The political autonomy of the undocumented struggle allows for strong gestures, like the month and a half-long occupation of St. Bernard Church in Paris’s Goutte d’Or neighborhood in 1996, as Mogniss H. Abdallah recounts, or more recently, the short yet spectacular occupation of the French Pantheon in Paris by the activists of the Gilets Noirs and La Chapelle Debout on July 12, 2019. As I had described at length in my introduction to our 25th issue, Self-Defense (Sep-Oct 2019), this event had left a strong impact on me, having witnessed the vicious racist violence deployed by the French police after the evacuation of the monument. But beyond the suppression, the vision that preceded it, with hundreds of undocumented people (most of whom were Black African) occupying the national(ist) mausoleum of the “nation’s great men,” carried a powerfully evocative reclaiming of the symbols and spaces built to delineate the national from the foreign.
Similarly, we can think of how the Australian detention center of Manus Island in Papua New Guinea was reclaimed in 2017 by 600 of its detainees, who were pronounced “guilty” of wanting to reach the shores of Australia—in the case of our contributor, Imran Mohammad, it was due to fleeing Myanmar’s genocide of Rohingyas. In this case, Ruth Wilson Gilmore’s concept of “organized abandonment” (mobilized in this issue by Helen Brewer and Loraine Masiya Mponela in their contribution about Britain’s Hostile Environment Policy) could hardly be more literal. Following the ruling of the PNG Supreme Court on the illegality of Australia’s detention center, the Australian government closed the latter on November 1, 2017. They left the 600 detainees to their own fates, as they had refused to relocate to another facility that would merely continue their incarceration. For the days that followed, a community of struggle reclaimed the infrastructure of the detention center, reversing the violence of the carceral walls to defend themselves from potential attackers, and organizing a communal life amidst great precariousness.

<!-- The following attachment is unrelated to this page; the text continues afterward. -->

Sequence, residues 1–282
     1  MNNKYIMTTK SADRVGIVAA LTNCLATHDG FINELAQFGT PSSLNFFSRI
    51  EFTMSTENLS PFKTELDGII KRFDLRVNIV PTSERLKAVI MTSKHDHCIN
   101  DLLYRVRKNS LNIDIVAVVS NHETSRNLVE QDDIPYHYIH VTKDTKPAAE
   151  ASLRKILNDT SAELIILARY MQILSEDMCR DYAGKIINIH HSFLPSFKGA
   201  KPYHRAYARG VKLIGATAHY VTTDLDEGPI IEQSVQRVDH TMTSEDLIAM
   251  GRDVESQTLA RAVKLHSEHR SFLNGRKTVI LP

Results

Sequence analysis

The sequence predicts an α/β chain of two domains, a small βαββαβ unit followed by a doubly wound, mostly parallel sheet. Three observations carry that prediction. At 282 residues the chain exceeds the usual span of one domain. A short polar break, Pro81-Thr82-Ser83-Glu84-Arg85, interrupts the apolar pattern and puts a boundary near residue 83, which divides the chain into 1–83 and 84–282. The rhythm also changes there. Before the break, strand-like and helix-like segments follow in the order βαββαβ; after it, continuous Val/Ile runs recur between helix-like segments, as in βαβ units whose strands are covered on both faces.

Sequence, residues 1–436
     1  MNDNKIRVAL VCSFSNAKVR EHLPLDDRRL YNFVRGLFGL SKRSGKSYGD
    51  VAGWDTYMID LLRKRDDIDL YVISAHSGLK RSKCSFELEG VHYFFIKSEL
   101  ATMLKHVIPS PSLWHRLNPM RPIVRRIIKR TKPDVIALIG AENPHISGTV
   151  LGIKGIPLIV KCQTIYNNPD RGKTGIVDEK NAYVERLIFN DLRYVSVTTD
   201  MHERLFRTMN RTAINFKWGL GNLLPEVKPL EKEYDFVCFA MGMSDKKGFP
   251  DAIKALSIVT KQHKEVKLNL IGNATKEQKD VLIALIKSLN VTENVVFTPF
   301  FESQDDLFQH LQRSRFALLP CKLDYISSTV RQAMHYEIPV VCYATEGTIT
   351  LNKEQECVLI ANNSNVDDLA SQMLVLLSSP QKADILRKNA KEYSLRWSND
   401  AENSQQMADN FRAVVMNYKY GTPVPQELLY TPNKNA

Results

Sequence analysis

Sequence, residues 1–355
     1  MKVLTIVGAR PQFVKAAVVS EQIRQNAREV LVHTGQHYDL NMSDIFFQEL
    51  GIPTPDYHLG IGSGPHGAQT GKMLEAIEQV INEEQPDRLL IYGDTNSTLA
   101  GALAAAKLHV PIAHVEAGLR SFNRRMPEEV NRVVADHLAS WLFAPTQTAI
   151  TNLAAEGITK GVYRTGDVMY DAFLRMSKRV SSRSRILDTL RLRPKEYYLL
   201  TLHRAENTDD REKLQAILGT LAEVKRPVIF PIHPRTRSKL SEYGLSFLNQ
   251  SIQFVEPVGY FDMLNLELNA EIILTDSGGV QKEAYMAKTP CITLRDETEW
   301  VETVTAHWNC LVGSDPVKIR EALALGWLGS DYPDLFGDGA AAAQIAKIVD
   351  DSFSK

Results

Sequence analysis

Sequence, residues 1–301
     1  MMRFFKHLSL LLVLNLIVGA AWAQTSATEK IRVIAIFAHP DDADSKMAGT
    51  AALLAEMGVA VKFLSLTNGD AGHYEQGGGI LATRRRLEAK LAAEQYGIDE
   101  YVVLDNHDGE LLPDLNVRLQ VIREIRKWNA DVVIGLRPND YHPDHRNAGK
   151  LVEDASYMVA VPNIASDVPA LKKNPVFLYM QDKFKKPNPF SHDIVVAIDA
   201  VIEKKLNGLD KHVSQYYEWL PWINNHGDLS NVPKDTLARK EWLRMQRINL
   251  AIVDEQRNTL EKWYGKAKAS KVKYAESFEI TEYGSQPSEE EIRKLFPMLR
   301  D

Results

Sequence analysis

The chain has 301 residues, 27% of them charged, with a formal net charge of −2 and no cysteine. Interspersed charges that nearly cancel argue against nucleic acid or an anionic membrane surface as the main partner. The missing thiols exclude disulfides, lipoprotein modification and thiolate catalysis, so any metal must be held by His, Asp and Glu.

On false oppositions ///
Any person with social media circles that promote Indigenous struggles in North America has surely witnessed the circulation of a meme, which includes the photo of Ndendahe Apache leader Geronimo along with three other armed Indigenous men. The message is not always formulated the same way, but its variations present the four men as “The original border patrol,” “Homeland Security fighting terrorism since 1492,” “Ask a Native American about the effects of uncontrolled immigration,” or “Illegal aliens have been a problem in the United States. Ask any Native American.” Of course, these memes are meant to be interpreted humorously, insisting on how absurd it is for the US settler colony to implement brutal policies against immigration, when European settlers can too be perceived as immigrants on Indigenous land.
Beyond the disgraceful conflation of First Nations’ defense of their land with the settler colonial’s border regime, these memes display the quintessential form of opposing the figure of the Indigenous with that of the migrant. This opposition is built upon associating Indigenous people with sedentism, and migrant people with movement. This sedentism however, is a result of settler colonialism that forced Indigenous nations into increasingly small territories designated as “reservations” (i.e. areas of unwanted land by the settlers). It is important to resituate the nexus of property and sedentism as one of the main features of settler colonialism, and to assert that regular movement from one geography to another is in no way contradictory with Indigeneity, which—let’s not forget—is an identity category also forged in the relationship with settler colonialism, not a essentialized identity. Refusing Indigeneity as inherently related to sedentism helps us frame the undocumented struggle within settler colonies as also involving Indigenous struggles at the continental scale.